We are currently recruiting volunteers to support residents at Cummer Lodge.

Cummer Lodge provides individualized care to each of its 391 residents within a safe and friendly environment. Guided by the CARE values – Compassion | Accountability | Respect | Excellence, we are committed to improving quality of life and support for healthy aging.

  • To learn more, watch the Commitment to Care video.
  • Cummer Lodge is one of 10 City-operated long-term care homes.
  • We appreciate your help in keeping residents safe and ask that you adhere to all infection, prevention and control measures when planning a visit.
  • To learn about long-term care homes in Ontario and get help applying, visit the provincial website. You can also review provincial information and reports on Cummer Lodge.

Built in 1970 and renovated in 2000, Cummer Lodge has 391 beds, sits on 4.5 acres of landscaped property overlooking a wooded ravine.

All resident bedrooms have air conditioning.

Special language and cultural partnerships within the home community include:

  • Cantonese
  • Jewish
  • Korean
  • Mandarin

Cummer Lodge offers the following specialized services:

Behavioural Support Programs

As recognized leaders in behavioural support programs, we have a long history of demonstrated knowledge of dementia, delirium and mental health in the delivery of care. Cummer Lodge has a Ministry-designated 16-bed Behavioural Support Unit which receives enhanced funding.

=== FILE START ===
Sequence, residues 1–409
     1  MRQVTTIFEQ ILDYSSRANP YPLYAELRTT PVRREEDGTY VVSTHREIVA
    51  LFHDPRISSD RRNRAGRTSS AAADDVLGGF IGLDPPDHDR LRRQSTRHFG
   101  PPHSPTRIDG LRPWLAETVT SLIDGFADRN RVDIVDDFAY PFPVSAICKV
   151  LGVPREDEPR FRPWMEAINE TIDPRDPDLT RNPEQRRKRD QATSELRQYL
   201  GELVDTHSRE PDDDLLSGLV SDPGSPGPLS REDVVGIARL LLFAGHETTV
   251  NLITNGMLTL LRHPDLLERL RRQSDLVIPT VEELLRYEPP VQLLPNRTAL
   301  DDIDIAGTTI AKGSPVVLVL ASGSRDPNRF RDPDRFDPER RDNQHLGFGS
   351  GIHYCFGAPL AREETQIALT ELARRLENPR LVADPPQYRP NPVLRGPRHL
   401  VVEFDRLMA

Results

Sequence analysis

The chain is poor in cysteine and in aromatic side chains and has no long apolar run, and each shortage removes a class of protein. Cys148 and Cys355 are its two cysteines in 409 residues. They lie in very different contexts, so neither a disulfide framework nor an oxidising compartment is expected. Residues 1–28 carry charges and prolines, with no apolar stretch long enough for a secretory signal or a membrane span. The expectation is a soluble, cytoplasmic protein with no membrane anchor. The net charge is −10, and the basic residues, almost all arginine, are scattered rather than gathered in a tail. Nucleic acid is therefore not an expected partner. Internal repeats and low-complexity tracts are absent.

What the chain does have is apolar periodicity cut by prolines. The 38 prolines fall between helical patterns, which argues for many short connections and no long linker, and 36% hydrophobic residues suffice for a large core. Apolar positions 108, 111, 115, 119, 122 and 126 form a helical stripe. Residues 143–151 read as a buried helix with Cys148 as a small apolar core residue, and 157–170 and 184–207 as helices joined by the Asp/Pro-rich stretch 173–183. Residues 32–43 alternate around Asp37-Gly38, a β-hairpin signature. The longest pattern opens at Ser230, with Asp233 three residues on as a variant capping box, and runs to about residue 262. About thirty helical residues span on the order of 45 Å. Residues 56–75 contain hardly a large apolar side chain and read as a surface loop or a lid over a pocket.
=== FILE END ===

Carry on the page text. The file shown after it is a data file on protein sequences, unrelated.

Staff and medical professionals are knowledgeable in the most prevalent types and related causes of behavioural issues, understand disease processes, stages and progression, diagnostic and assessment process, cognitive or neurological symptoms, treatment interventions, appropriate communication to address resident needs, strategies to promote optimal quality of life and experience of the behaviour(s) from the perspective of the resident, family members and other partners in care.

Toronto Emergency Management (TEM) leads and facilitates activities related to the City’s ability to mitigate, prepare for, respond to, and recover from major emergencies.

We have incorporated the City’s Business Continuity Management and Toronto’s Emergency Plan into an Emergency Management Plan for the City’s directly operated long-term care homes.

Cummer Lodge has a structured emergency management process of risk identification, mitigation, preparedness, response and recovery.